Wednesday, March 13, 2013

Coppock's Topics

Here is the first "official" edition of Coppock's Topics ...  
Provided by Noted Broadcaster, Commentator (and Forgotten Hits Reader) Chet Coppock for your reading pleasure. 

Please Note: All views expressed herein are Chet's and do not necessarily reflect the opinions of Forgotten Hits ... we just respect his right to view them ... (although I will admit to agreeing that a couple of these are "spot on" ... I'm just not going to tell you which ones!!!) 

Based on the recent flurry of mail we've received, it seems that most of you guys out there are enjoying these, too ... 

So let's get to a brand new edition ... of this new, semi-regular (or, perhaps in Chet's case, IRREGULAR) series!  


This simply has to be brought to the dance. While I'll never throw a Michigan Avenue Parade for Tommy Roe, I will say this ... compared to Bobby Sherman, Tommy's either Lennon or McCartney ... or ... maybe ... Elvis Presley.

Speaking of which,
I saw Elvis's last concert nearly 40 years ago at Mark Square Arena down in Indianapolis. It was actually tragic. The bloated king seemed baffled, sang one song while reading sheet music, and had to weigh 270 pounds. But ... BUT ... he still had the golden pipes.

There is a common thread that's emerging in this Tommy Roe give and take: if you had Hal Blaine on your side, you were ahead 4-nothing in the first inning.

Would it be fair to state that Hal was a better studio musician than either Duck Dunn or Steve Cropper?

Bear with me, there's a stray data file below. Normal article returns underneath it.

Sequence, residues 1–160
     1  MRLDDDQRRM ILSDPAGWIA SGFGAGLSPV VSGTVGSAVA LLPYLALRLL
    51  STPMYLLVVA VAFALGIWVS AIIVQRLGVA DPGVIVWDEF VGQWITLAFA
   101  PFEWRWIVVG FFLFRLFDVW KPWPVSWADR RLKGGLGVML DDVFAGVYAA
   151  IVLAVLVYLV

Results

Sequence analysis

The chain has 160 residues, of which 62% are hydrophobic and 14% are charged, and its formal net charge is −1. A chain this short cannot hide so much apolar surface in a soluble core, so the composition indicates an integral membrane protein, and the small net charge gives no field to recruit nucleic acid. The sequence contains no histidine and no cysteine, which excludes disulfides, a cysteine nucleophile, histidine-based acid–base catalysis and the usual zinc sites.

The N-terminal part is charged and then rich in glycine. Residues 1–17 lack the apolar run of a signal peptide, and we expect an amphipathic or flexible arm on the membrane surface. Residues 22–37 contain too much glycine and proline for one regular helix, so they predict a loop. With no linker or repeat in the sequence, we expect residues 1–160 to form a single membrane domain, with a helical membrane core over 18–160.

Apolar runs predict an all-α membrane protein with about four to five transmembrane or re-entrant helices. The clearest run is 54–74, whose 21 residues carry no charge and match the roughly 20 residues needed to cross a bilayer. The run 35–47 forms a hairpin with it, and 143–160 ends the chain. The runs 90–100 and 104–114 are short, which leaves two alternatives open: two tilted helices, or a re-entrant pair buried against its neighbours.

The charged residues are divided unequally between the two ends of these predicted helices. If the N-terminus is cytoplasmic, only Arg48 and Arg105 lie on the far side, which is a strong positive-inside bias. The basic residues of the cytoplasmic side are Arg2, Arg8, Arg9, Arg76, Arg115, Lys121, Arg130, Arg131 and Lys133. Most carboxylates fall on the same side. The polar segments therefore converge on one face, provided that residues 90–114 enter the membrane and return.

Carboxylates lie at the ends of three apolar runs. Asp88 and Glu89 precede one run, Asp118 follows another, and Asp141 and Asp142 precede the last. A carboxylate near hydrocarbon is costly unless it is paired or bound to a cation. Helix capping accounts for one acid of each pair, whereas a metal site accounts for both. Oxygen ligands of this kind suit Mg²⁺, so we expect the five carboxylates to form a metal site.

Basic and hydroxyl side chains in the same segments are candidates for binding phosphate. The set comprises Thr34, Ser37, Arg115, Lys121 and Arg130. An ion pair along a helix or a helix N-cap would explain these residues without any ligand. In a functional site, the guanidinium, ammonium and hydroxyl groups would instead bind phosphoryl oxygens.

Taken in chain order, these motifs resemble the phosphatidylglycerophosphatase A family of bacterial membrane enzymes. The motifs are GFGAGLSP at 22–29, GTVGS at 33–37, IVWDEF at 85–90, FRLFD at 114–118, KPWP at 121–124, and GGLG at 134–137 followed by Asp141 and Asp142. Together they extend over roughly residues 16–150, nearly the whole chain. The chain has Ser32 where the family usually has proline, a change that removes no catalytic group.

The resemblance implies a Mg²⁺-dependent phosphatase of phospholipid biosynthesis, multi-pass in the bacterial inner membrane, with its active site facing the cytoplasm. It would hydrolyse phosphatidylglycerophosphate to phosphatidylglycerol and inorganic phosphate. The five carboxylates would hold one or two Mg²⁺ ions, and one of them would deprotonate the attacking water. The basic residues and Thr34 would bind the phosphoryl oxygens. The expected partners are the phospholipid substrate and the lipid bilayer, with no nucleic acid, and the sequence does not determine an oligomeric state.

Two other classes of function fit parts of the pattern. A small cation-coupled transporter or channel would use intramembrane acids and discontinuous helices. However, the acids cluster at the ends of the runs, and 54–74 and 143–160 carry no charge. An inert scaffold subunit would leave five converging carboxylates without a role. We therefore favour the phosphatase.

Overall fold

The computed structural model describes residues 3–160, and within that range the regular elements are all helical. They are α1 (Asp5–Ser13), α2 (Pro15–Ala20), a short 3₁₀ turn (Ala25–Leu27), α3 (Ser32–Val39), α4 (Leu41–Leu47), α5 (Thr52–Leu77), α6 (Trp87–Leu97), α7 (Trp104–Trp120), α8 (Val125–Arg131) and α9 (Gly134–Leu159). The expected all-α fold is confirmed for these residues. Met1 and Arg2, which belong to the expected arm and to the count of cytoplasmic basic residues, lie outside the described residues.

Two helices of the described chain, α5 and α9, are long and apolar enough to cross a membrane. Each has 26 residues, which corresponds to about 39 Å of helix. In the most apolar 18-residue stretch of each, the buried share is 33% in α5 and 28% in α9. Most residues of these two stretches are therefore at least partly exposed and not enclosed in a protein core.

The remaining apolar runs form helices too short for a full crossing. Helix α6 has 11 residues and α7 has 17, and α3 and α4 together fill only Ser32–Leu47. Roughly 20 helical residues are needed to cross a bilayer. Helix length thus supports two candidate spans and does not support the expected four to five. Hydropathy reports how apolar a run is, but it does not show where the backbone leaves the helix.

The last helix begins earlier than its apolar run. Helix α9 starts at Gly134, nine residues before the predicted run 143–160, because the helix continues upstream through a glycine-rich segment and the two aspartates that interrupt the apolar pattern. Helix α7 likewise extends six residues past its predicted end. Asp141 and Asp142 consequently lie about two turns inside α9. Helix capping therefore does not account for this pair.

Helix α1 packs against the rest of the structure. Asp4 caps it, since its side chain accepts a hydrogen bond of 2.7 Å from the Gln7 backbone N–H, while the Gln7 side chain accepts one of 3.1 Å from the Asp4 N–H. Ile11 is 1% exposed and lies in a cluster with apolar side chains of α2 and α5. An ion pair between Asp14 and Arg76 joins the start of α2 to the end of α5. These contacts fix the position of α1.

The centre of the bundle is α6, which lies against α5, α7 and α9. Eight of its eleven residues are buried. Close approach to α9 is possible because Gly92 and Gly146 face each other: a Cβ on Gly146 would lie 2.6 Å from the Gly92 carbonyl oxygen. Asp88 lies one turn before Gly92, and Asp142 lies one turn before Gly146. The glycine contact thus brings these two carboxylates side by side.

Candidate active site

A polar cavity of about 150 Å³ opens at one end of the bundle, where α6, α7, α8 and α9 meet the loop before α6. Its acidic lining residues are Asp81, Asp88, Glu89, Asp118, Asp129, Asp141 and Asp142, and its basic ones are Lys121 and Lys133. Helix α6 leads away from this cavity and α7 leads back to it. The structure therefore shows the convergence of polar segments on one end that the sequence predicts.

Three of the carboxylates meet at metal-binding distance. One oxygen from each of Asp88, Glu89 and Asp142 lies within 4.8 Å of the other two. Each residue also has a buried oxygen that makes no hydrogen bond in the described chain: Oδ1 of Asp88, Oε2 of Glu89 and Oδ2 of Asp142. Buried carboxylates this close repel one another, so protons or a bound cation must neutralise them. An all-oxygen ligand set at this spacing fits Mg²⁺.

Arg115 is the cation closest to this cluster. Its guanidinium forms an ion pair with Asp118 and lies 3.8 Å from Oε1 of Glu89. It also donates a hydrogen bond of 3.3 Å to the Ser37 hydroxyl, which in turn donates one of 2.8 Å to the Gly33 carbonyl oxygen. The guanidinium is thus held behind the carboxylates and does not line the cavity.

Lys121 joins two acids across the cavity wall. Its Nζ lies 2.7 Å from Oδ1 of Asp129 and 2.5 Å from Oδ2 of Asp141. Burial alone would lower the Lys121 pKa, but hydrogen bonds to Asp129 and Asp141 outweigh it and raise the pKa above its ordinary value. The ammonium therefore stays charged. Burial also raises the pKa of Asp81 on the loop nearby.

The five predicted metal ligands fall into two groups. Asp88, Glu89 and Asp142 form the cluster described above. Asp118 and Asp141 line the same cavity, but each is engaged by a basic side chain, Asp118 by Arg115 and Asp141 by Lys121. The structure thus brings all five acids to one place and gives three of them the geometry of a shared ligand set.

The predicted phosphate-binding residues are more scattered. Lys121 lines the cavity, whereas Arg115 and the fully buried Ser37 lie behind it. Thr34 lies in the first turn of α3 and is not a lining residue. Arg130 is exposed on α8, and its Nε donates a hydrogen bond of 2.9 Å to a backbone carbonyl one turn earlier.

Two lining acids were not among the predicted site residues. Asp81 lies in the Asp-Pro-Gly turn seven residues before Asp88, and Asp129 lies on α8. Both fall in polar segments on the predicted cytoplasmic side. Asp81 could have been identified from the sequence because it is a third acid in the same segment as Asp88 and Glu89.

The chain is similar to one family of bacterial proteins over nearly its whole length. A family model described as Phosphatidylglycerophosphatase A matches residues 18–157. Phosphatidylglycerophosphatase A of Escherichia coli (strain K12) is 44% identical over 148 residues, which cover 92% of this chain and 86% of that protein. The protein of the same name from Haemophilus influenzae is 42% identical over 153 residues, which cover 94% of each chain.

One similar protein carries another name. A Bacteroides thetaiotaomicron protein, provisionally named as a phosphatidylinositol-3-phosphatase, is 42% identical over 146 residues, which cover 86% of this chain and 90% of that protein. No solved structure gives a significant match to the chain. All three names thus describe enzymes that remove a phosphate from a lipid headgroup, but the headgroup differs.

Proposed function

Did Dennis Wilson ever play drums during Beach Boys recording sessions or was it always Hal behind the wheel?

I still love to get up and boogie when I hear Joe Cocker's "High Time We Went." 

If The "1910 Fruit Gum Company" is the answer then just what the hell is the question? 

Am I the only guy who thought the late 90's band "New Radicals" was going to be a defining 21st century group? I loved "You Get What You Give." 

Oh, what I'd give to turn back the hands WAY back and see James Brown or Smokey Robinson at the old Regal Theatre at 47th and King Drive (South Parkway). Or, drift over to 5523 S. State St. to Pervis Spann's Club Boogaloo to see B.B. King or, maybe, Arthur Conley. 

Who among us doesn't miss dancing the Shing a Ling? 

I'm glad you asked that question. The best song Mitch Ryder ever turned out was "Break Out." The song drips of teen aged frustration. 

You know what really made the Rolling Stones? This goes back to the Battle of Hastings. The Stones appeared with Dean Martin on Hollywood Palace in - I'm guessing 1964. After the group did its number, Deano dissed the group on stage, really threw the left hooks. In reality, what Martin really did was tell every kid in America, "Hey, I'm your parents. I hate these long haired London freaks. So, your job, in the name of rebellion, is to embrace them." 

I still get major league "pop" when I hear "I Ain't Gonna Eat Out My Heart Anymore" by the Young Rascals, a song that classic rock radio wouldn’t play if you offered p.d.'s three free nights with Cameron Diaz. 

I admit it. "Love Grows (Where My Rosemary Goes)" is a fabulous guilty pleasure. 

Was the Shirelles' "Will You Still Love Me Tomorrow" the first real song about youthful female sexual angst?